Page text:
When we arrived in Antwerp we did what we often do, check in with the local tourist information office to get a map, mass transit map and timetable and to buy tram tickets. The women at the desk told us we had to be sure to visit Antwerp’s two cathedrals. I knew of only one and with its tall spire you can’t miss it. It was the first thing I saw when I opened the drapes to our room. She smiled and said “Antwerp Centraal is our other cathedral.”
With a mass transit pass it’s hard to miss Antwerp Centraal. It is the hub of the city and a beautiful railway station, according to a Newsweek poll, one of the fifth most beautiful in the world. It was built in neo-Gothic style in 1905 but has had a through refit to handle trains, trams and the metro with shops and resting areas.
The Cathedral of Our Lady dominated the Antwerp skyline and sits in the middle of the old town. Part of its spire is under scaffolding for renovation but the scaffolding does not detract from its presence. We walked by several times. On Saturday late afternoon, with the sun at an angle that could cast interesting shadows we decided to go in. The Cathedral normally closes at 3 PM Saturday and we would have missed going in except that our travel luck held. On our way across the square a man approached us with a box of votive candles. Apparently it was free blessings night at the cathedral. Normally you put a coin in the box to get a candle and light it with a prayer but this Saturday night cathedral parish members were out on the square, handing out candles, and inviting us in. “You must know someone who needs a blessing.” I thought it was a wonderful way to invite us to church, and indeed with a new grandson we were in the market for blessings.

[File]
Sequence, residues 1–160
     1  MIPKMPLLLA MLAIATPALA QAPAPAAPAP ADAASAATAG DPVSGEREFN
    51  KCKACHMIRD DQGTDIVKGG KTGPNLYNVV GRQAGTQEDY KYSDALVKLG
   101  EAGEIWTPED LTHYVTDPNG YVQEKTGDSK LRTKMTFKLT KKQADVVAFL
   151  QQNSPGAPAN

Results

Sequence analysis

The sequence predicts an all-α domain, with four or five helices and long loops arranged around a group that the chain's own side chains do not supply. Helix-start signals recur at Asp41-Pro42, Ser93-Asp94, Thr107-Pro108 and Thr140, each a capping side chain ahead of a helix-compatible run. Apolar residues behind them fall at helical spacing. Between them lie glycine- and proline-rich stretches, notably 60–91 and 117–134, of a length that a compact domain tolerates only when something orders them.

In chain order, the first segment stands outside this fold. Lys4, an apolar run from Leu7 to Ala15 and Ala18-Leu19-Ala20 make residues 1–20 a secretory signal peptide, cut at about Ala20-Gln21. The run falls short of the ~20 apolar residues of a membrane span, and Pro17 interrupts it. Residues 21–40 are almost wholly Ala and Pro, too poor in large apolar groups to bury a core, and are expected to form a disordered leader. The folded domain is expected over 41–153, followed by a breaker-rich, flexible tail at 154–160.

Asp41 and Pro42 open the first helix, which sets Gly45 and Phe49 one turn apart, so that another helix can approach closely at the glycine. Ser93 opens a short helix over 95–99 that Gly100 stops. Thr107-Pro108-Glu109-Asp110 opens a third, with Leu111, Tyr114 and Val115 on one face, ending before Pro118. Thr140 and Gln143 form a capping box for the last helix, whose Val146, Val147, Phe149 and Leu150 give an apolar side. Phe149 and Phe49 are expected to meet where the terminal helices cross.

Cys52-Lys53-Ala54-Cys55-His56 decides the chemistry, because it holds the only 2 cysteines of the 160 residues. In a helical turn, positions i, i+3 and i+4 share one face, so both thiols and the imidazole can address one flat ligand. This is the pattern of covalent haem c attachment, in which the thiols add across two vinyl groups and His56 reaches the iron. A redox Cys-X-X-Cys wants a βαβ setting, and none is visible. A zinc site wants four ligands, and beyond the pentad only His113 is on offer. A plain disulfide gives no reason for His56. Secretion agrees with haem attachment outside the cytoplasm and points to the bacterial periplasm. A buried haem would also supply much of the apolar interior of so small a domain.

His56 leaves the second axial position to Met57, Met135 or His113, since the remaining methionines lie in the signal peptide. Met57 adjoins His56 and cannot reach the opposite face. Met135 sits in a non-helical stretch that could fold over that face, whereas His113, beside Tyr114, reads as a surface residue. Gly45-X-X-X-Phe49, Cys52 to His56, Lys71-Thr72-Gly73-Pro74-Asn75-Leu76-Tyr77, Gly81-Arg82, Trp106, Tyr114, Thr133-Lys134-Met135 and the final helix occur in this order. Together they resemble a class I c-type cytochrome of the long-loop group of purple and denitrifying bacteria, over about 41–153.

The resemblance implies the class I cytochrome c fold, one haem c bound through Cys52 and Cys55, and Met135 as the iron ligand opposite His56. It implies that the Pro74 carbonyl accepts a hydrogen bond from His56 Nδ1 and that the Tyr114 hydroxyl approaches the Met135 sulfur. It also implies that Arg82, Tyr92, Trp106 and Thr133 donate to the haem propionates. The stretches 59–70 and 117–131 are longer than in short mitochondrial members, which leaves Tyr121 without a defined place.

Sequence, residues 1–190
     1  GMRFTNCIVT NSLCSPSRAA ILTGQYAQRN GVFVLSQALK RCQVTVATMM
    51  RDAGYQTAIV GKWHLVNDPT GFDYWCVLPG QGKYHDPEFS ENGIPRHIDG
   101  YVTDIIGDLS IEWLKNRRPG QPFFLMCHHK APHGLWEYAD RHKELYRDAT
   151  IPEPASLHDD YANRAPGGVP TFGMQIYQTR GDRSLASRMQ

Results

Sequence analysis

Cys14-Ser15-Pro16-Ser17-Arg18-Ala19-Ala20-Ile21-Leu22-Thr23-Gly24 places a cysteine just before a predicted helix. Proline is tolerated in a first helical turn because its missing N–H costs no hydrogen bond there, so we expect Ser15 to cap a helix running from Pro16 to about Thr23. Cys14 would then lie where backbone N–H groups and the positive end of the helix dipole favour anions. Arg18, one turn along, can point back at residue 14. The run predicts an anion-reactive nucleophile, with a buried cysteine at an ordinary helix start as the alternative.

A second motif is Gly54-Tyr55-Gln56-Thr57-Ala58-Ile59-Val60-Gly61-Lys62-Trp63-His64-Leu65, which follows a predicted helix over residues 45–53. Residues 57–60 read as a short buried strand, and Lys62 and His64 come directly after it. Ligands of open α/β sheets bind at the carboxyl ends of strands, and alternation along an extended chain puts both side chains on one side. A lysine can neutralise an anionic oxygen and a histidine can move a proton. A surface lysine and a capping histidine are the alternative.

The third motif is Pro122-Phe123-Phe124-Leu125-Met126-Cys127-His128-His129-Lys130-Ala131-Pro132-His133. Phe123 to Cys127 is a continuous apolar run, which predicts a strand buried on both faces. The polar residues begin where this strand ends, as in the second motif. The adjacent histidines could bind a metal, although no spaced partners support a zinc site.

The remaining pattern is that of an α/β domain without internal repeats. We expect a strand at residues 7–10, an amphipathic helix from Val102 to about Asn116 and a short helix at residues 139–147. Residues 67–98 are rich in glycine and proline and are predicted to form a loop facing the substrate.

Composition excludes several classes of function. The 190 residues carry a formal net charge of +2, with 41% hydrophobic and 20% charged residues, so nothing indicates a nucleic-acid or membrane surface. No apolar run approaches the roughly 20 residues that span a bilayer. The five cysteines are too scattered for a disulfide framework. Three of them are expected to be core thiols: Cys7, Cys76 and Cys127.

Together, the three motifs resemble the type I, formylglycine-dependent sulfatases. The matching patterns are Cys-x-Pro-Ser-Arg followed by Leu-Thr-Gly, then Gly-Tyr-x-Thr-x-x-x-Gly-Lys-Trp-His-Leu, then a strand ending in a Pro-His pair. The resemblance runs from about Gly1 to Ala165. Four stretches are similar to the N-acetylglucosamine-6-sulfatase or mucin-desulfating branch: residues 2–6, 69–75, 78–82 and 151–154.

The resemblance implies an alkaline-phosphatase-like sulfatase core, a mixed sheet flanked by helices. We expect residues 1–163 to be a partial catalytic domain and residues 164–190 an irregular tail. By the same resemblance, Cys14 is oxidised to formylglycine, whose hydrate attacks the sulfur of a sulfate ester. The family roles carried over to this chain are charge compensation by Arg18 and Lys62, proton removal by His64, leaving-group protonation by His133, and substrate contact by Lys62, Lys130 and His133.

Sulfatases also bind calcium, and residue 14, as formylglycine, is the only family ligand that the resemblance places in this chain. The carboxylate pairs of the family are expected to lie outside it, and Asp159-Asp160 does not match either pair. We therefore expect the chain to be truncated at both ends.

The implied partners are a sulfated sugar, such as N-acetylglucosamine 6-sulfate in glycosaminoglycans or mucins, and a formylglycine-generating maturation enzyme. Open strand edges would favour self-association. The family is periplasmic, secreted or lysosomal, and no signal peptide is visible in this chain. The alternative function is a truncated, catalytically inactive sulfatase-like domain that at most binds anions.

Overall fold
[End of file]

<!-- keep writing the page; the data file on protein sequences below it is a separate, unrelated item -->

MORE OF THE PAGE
The parish was started in 1124. Construction on the current church building started in 1352. The spire rose above the rest of the skyline in about 1520. The building was completed in 1521 and was named a cathedral in 1559. Between then and 1585 it was ransacked twice by Calvinists. It burned once. In 1794 it was sacked during the French Revolution and in 1816, after Napoleon got the sack, the treasures of the cathedral were returned, including the Rubens paintings. The current restoration is almost complete. Of course the treasures of the Cathedral are four Peter Paul Rubens paintings. The one in my picture is Christ’s Descent from the Cross.